Four story lines extending in four distinct directions

Ncaa Lacrosse Final Four

May 26, 2007|By Gary Lambrecht | Gary Lambrecht,Sun reporter

How unusual is this final four of the 37th NCAA Division I men's lacrosse tournament? Besides bringing an expected record crowd to M&T Bank Stadium, the event is brimming with juicy plot lines.

For starters, it features a repeat of sorts. For the second straight year, an unseeded school has butted in to make its debut, seemingly out of nowhere. Last year, it was Massachusetts. This time, it's the Delaware Blue Hens, who last month were adrift with a 6-5 record but have gotten healthy, tweaked their personnel and regrouped with a furious run.

Delaware got into the tournament by winning its conference title to earn an automatic bid. But the Blue Hens were just getting warmed up for their shocking first-round blitz of defending national champion Virginia. All they have to do today to stay alive is get past Johns Hopkins, which is in its 87th tournament game and 27th final four. Delaware is 3-3 in the NCAAs.

In some ways, top-seeded Duke owns this weekend. The Blue Devils were a national story a year ago for the wrong reasons, after rape allegations ended their season and national title hopes and ran off their coach.

And here they are, with the nation's ultimate one-two punch in attackmen Matt Danowski and Zack Greer, the calming, hard-nosed coach in John Danowski - Matt's father - and a major chip on their shoulders.

The same could be said for fourth-seeded Cornell - Duke's opponent in today's marquee game. How often does an undefeated team take a back seat to anyone at a final four? And the Big Red, with the nation's top-scoring offense and an expected first-team All-America goalie in Matt McMonagle, are one of two teams that have beaten Duke (the other being Loyola).

Then, there's the local guy, a team named Hopkins, the last of the bluebloods still standing. Princeton, Maryland and Virginia have been long gone from the party. Syracuse didn't even make it there.

Like Delaware, which had issues at midseason, the Blue Jays had to rebound from a three-game losing streak in March and April. Now, the team that wouldn't leave will try to kick out the newcomer.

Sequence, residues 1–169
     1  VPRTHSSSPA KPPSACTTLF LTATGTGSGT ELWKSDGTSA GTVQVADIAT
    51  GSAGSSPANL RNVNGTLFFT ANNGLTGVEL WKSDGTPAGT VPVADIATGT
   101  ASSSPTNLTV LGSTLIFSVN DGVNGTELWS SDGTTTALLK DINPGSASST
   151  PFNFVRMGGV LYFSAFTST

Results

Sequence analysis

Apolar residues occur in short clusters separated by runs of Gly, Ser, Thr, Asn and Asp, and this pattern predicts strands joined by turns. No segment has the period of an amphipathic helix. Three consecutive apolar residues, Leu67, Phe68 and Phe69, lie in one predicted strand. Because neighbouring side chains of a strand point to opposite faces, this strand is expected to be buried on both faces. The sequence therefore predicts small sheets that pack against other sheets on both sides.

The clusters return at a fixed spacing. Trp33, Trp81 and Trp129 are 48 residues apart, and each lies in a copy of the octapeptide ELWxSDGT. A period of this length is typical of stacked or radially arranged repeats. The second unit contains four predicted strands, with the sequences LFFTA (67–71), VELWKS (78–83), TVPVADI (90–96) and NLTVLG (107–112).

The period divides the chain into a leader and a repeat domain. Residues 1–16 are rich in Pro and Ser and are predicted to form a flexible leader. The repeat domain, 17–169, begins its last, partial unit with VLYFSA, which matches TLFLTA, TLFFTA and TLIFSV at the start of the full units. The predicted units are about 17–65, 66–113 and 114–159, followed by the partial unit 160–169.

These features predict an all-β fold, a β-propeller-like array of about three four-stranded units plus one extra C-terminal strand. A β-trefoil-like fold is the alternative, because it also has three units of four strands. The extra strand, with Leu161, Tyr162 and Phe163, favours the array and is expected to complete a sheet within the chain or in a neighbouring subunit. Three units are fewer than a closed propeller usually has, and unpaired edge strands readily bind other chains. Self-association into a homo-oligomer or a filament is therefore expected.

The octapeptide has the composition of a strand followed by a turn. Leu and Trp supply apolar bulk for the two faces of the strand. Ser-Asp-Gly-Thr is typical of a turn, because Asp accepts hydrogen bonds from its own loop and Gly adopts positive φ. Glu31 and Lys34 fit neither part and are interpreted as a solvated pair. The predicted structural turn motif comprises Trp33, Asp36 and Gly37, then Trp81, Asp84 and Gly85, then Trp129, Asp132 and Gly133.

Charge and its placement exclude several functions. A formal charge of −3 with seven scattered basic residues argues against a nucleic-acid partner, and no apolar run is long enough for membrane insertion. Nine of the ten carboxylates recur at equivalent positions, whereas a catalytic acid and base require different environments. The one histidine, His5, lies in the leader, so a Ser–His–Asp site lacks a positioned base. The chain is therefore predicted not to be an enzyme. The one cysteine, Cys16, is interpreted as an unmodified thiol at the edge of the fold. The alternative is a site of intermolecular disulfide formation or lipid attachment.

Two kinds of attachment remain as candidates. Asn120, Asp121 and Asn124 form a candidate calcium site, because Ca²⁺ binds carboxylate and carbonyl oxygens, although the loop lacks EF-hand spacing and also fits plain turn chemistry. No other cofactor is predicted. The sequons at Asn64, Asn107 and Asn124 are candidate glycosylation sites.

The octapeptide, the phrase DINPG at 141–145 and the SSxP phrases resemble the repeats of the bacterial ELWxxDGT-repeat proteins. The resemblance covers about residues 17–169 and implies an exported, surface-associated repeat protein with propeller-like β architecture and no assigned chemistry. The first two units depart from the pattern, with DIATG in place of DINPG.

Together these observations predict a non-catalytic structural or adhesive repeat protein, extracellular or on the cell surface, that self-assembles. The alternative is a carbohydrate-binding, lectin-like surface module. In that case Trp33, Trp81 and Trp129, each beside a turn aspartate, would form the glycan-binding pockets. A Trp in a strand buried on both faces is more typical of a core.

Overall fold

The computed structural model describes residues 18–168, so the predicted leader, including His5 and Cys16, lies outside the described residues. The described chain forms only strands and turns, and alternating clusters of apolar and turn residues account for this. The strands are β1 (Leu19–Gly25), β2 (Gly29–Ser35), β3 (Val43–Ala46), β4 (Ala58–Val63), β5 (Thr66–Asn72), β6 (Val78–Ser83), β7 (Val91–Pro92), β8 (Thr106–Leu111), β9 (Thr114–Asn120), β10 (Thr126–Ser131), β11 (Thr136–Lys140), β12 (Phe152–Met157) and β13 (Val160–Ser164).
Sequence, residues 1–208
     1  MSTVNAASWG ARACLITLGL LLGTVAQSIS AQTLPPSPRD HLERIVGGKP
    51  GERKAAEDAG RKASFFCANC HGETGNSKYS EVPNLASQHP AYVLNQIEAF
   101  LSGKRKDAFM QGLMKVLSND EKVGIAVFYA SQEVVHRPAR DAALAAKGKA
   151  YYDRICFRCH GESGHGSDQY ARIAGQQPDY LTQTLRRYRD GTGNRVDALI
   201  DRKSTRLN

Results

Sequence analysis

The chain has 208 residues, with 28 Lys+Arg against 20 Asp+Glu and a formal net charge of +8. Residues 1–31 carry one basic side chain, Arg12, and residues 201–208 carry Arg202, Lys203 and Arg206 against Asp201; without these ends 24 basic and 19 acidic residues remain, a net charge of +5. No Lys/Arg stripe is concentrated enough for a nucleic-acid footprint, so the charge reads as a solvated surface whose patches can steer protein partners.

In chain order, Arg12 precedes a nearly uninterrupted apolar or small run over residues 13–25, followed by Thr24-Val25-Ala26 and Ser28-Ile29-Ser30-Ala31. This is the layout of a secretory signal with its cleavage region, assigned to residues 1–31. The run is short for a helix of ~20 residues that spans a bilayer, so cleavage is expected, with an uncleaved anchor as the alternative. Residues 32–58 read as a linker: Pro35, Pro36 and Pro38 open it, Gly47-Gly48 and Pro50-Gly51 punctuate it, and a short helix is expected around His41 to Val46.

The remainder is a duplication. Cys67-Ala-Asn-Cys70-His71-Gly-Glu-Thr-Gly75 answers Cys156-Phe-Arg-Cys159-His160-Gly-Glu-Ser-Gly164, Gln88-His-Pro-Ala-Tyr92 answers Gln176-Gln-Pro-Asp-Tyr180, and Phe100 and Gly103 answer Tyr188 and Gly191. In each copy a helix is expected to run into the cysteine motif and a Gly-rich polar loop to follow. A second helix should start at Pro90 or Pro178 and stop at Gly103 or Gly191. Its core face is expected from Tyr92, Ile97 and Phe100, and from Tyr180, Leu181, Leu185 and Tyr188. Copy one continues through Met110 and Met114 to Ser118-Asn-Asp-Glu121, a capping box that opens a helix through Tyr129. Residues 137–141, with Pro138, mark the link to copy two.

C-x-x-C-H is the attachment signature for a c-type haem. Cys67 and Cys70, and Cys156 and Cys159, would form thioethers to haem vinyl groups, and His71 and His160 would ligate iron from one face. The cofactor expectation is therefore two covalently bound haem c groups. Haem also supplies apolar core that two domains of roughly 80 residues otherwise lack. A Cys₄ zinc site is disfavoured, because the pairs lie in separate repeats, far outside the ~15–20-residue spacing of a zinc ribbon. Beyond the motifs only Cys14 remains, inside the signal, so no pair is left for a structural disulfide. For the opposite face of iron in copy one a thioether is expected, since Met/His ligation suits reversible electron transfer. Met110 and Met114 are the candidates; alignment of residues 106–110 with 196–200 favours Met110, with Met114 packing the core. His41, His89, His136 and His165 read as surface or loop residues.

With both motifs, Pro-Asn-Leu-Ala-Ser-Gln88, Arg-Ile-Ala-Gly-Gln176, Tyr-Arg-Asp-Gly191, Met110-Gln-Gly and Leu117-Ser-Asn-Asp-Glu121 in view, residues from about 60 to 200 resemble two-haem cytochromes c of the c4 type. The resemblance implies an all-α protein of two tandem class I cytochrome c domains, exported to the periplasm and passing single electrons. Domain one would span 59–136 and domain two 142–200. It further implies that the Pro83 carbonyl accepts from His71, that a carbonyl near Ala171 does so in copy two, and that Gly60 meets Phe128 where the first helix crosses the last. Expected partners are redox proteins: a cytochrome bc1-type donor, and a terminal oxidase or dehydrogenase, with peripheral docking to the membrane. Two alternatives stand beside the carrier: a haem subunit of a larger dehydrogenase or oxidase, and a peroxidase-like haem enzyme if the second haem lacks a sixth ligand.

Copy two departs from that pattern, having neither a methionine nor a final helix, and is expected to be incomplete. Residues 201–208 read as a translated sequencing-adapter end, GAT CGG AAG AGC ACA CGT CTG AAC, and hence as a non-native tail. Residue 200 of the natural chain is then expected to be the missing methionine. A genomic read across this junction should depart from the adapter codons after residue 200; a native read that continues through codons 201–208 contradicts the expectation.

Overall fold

"I think a lot of our team likes the fact that we're kind of an underdog in this tournament," Hopkins senior defenseman Eric Zerrlaut said. "Everyone wants to watch the Duke-Cornell game. Everyone wants to see the Cinderella team. Where are we? Oh, well."

Hopkins coach Dave Pietramala seconded Zerrlaut's theory.

"You either love us or hate us," Pietramala said. "[Delaware] is still Cinderella, and they play hard and aggressive, and they're good. Cornell is still the only undefeated team, and everybody wants to see Duke win it.

"We're just Johns Hopkins. We lost three in a row this year. No one thought we were going to get there. We are an afterthought right now, and that's great."

Not to Delaware. The Blue Hens have the ingredients - a peerless faceoff man in Alex Smith, a big, strong, left-handed midfield led by seniors Jordan Hall and Dan Deckelbaum, a hot goalie in Tommy Scherr, a hot scorer in Canadian freshman attackman Curtis Dickson - to send Hopkins home.

But Delaware is trying to prepare for multiple forces. Hopkins presents a much-improved defense, an extremely balanced offense, more skill and depth at midfield than any team the Blue Hens have faced, and the experience to handle the loud, raucous atmosphere that awaits them.

The crowd that nearly packs the house today will probably surpass the combined attendance at every Delaware game this year.

"I feel like I should wear blinders," Deckelbaum said.

"I've never seen a team more focused than we were going in against Virginia," added Bob Shillinglaw, Delaware's 29th-year coach. "That's what it's going to take again."

Since losing to Cornell, 7-6, on March 20, Duke has reeled off 11 straight victories.

But the Big Red, whose main scoring threats - attackmen Eric Pittard and David Mitchell and midfielders Max Seibald and John Glynn - rival Duke's, have won all kinds of games. Low-scoring, high-scoring, the occasional close one, such as last week's 12-11 overtime win over Albany, and often a blowout.

Cornell, in its first final four since 1988 and pursuing its first unbeaten year since it won its last title in 1977, has the experience and poise to win it all.

"I'm not sure it's going to be that kind of game again," said Cornell coach Jeff Tambroni, alluding to the 7-6 contest dominated by the goalies. "Duke has hit their stride. [Greer and Danowski] are two of the best to have played the game in a long time. When you play Duke, you're going to need a great game from your goalie."

As for Duke, the Blue Devils just want to get it on, finish their business, and make things right on the field.

"Any player in any sport, they just want to go out on top," Duke senior defenseman Casey Carroll said. "I don't think that changes just because of all of the stuff we've been through off the field."

"Anytime you make it to the final four, your goal is to win the whole thing," senior midfielder Ed Douglas said. "Coach [Danowski] has done a good job helping us recognize how special this weekend is, and emphasizing how we should enjoy this weekend, regardless of what happens. But we certainly came here with a plan."

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